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      10-23-2008, 04:19 AM   #6
BMRLVR
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Drives: 2011 E90 M3,1994 Euro E36 M3/4
Join Date: Apr 2006
Location: Fort McMurray, Alberta, Canada

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Quote:
Originally Posted by drvai View Post
Is there any exhaust system for the M3 that can give a high pitched sound as seen on the F430? (I know it won't get as good... but maybe close)

For a short answer..... NO!!!

The reason a Ferarri sounds like it does has nothing to do with exhaust. The reason a Ferarri screams with such a high pitched tone is because all Ferarri V8 engines use a 180 degree or Flat-Plane crankshaft where the 4 rod journals (two rods are mounted to each journal in all V8's) are spaced at 180 degrees. the M3 V8 on the other hand uses a 90 degree or Cross-Plane crankshaft where the 4 rod journals are spaced at 90 degrees from one and other or at 0 degrees, 90 degrees, 180 degrees and 270degrees.

Mainly what affects the sound most about a Flat-Plane V8 is that each bank of cylinders are working like its own engine, or essentially like two four cylinder engines running simultaineously, hence the high pitched scream. This has to do with the fact that the firing order of the Flat-Plane V8 means that every 90 degrees a cylinder is fired in an alternate bank (although some Flat-Plane V8's have been designed to fire two cylinders at once, this is highly uncommon in production engines) so the typical firing order in a Flat-Plane V8 looks like this: 1-5-3-7-4-8-2-6 (assuming the cylinder numbering proceedure that BMW uses of 1234 in bank one and 5678 in bank two) In a Cross-Plane V8 the crankshaft design necessitates that the firing order is somewhat uneven between the banks and not completely alternate. The Firing order for a typical American V8 would be 1-3-7-2-6-5-4-8 while the firing order for the M3's S65 V8 is: 1-5-4-8-7-2-6-3. Although the S65 does not have a firing order that is conventional to older American V8's it is still not a totally even firing order between banks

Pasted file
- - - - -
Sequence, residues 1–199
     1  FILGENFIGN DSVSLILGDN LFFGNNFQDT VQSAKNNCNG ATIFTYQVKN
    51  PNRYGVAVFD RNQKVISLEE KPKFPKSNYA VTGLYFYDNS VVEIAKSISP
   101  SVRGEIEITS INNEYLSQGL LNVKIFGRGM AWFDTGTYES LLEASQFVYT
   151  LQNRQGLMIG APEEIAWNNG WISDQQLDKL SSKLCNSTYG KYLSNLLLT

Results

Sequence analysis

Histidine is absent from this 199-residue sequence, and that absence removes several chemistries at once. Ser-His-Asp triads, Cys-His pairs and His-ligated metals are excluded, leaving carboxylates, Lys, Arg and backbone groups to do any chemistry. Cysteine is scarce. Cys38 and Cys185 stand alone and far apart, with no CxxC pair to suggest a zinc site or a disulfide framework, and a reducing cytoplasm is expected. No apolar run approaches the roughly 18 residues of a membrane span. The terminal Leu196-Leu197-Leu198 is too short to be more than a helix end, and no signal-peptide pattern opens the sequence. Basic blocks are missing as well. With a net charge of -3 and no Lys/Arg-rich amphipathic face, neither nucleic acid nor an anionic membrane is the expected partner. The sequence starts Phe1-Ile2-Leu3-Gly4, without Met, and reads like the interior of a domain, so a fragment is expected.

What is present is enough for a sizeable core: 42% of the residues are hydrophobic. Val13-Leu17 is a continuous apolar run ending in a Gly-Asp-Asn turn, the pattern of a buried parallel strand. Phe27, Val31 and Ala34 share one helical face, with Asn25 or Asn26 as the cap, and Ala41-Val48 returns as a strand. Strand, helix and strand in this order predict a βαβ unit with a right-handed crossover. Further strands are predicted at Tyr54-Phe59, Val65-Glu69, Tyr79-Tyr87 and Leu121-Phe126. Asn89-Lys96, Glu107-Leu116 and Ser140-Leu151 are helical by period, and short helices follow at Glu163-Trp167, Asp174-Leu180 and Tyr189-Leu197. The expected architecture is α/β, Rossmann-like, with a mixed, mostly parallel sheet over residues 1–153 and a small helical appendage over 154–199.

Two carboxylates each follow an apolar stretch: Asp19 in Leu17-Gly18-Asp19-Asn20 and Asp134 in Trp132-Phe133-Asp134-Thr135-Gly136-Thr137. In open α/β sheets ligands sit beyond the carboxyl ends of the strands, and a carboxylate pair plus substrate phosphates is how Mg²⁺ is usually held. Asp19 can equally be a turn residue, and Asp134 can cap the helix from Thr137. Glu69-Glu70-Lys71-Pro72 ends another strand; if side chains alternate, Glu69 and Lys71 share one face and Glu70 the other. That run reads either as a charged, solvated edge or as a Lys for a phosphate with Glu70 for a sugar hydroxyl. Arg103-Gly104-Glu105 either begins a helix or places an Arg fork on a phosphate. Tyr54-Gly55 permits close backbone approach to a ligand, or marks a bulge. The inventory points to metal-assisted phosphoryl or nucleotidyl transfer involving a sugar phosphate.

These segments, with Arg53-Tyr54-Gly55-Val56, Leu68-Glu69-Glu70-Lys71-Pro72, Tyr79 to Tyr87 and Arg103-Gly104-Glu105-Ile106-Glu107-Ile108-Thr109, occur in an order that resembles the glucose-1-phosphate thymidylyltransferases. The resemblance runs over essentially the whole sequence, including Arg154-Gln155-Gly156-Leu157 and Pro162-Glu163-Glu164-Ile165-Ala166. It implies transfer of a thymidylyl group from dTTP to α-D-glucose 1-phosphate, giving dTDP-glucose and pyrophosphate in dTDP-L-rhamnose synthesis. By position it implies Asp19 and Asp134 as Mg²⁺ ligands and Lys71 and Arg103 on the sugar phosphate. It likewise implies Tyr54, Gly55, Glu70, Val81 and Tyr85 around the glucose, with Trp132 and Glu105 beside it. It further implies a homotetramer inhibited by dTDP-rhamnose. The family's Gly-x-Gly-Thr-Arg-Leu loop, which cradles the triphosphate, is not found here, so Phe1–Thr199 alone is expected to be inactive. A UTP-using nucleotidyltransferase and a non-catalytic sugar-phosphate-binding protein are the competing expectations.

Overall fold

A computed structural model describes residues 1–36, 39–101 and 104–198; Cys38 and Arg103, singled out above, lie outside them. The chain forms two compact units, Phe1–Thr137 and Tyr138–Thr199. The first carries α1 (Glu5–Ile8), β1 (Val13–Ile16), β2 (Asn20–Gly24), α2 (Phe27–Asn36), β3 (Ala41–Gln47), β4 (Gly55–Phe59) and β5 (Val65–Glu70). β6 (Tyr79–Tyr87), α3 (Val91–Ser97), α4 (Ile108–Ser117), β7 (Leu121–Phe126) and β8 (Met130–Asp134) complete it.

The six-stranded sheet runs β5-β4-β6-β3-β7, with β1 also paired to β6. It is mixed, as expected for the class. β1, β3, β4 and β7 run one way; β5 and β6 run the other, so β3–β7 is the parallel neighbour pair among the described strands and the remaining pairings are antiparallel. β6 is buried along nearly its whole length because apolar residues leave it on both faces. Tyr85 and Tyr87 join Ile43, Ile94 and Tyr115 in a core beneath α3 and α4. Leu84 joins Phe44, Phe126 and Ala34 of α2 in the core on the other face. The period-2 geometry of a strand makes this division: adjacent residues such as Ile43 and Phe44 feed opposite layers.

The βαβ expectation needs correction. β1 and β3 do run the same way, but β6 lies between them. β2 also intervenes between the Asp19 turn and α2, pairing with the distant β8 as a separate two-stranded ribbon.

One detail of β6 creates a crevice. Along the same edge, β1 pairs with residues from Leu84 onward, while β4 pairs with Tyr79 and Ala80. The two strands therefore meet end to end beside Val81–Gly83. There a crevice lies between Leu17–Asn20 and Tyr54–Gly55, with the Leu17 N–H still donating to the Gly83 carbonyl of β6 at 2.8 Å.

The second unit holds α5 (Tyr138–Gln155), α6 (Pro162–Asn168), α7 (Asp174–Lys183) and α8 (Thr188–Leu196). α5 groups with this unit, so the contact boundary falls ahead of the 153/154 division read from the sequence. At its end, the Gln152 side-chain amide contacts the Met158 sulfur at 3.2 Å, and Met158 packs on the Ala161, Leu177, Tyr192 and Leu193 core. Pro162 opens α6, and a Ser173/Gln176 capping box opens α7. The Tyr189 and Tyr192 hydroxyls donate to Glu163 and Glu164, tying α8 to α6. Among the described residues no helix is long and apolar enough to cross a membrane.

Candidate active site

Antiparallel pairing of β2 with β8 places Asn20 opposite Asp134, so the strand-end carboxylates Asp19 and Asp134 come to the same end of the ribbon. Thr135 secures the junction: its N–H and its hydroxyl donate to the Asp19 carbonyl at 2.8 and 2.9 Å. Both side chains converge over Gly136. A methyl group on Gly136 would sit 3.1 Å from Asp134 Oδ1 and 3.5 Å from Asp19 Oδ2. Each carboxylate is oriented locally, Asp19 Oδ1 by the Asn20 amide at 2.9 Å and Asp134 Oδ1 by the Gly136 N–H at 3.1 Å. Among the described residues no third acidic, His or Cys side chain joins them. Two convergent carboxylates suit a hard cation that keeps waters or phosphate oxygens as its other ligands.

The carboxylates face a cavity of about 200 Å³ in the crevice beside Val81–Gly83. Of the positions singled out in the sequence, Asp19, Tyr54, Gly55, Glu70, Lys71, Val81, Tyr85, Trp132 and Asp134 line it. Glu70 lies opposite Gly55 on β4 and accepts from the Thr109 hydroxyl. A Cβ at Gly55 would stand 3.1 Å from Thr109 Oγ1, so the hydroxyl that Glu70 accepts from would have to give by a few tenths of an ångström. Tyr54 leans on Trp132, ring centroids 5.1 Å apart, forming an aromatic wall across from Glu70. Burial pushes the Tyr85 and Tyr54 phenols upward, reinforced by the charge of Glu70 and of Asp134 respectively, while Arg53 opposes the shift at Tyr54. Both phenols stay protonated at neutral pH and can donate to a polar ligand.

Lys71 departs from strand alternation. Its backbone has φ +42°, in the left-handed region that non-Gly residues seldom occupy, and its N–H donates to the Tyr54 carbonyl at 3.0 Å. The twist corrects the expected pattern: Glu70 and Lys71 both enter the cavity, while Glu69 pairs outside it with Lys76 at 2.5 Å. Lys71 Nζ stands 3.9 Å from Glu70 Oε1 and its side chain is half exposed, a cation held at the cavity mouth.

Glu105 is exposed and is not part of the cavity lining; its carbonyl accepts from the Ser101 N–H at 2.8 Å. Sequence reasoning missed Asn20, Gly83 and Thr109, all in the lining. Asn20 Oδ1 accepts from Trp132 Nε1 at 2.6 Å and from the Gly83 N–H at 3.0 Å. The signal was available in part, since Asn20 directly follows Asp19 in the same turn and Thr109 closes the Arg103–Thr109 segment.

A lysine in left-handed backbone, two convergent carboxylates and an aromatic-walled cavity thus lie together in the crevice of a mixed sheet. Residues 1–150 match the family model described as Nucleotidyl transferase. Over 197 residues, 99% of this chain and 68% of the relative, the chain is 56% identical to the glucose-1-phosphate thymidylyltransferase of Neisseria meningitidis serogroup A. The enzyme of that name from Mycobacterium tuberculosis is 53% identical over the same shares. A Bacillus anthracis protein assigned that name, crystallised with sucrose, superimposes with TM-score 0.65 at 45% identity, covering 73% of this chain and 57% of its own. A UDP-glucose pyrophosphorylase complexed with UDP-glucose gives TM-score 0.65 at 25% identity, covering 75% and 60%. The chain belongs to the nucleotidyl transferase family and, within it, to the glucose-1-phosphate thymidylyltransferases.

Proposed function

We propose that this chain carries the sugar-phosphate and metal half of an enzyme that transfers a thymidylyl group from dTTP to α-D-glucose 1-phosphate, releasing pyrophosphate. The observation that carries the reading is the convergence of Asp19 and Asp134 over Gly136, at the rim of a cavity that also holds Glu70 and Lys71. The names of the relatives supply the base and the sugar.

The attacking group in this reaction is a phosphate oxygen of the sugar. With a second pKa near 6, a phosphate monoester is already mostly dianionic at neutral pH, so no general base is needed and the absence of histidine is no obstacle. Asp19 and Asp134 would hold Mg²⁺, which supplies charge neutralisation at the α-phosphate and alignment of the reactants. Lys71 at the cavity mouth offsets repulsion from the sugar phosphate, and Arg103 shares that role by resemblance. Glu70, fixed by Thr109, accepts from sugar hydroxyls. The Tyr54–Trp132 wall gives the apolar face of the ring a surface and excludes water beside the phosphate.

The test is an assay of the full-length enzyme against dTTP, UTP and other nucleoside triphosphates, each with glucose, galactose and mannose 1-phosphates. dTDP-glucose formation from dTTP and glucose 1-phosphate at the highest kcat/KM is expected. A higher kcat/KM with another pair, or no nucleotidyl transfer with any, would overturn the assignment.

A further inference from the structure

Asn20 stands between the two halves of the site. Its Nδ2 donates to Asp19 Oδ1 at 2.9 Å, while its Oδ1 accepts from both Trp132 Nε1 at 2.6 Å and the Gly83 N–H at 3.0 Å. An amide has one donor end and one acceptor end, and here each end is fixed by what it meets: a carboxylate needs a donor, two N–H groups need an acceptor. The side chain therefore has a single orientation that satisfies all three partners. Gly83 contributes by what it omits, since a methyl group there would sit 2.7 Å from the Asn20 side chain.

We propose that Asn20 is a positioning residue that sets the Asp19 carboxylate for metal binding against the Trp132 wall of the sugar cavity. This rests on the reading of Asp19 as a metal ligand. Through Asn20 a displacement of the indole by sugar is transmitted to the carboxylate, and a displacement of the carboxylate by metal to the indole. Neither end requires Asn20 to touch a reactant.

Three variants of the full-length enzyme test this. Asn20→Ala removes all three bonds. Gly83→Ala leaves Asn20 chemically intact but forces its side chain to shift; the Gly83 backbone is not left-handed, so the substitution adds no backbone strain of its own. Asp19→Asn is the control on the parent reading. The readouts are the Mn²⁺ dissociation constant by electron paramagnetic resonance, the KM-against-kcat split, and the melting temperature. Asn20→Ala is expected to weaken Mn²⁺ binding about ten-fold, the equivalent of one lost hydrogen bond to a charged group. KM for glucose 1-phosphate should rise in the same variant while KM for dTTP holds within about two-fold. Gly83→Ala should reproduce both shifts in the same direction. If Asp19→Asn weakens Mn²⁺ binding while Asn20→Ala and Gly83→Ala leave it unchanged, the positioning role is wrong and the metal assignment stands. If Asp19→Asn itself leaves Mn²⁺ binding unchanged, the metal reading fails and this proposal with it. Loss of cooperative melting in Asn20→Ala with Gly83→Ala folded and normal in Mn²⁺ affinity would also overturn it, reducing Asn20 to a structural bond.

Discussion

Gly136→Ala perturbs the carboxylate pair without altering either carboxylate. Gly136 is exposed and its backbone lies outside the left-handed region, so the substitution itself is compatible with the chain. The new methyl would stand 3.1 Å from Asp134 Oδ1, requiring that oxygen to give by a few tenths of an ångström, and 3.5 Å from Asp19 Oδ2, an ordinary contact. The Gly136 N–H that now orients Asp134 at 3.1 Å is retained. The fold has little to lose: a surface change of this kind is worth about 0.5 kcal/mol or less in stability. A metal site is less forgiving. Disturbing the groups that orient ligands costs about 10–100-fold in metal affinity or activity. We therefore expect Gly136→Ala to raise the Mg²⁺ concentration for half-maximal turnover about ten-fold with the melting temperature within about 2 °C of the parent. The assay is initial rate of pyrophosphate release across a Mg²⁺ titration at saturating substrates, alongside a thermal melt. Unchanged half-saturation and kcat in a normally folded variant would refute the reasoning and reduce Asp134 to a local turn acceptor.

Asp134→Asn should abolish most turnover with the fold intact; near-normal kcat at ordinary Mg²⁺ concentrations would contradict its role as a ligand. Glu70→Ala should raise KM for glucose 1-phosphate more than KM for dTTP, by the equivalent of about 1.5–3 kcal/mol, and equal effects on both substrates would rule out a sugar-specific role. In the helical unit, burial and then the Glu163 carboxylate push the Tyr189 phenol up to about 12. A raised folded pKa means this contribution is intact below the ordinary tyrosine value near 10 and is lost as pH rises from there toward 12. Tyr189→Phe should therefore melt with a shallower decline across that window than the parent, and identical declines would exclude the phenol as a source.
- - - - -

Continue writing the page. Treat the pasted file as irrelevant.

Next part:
The main difference between the Flat-Plane V8 and Cross-Plane V8 is that the Flat-Plane V8 does not require large counterweights (the reduction in mass of the crankshaft due to the lack of counterweights equates to quicker revving, a higher rev ceiling, lighter weight and slightly more horsepower) on the crankshaft like the Cross-Plane V8 and a Flat V8 is much easier to tune with regard to Exhaust and Intake. The major drawback to the Flat V8 is that it is not as smooth or refined as a Cross-Plane V8 with regards to second order vibration. This is is why the Cross-Plane V8 is pretty well the universal layout when it comes to V8 Engines in mass production. Because Ferarris are more about performance then refinement they use the flat crankshaft due to its benefit in horsepower, weight, revability and simplicity.

I hope this helps!!
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Last edited by BMRLVR; 10-24-2008 at 11:23 PM. Reason: Correction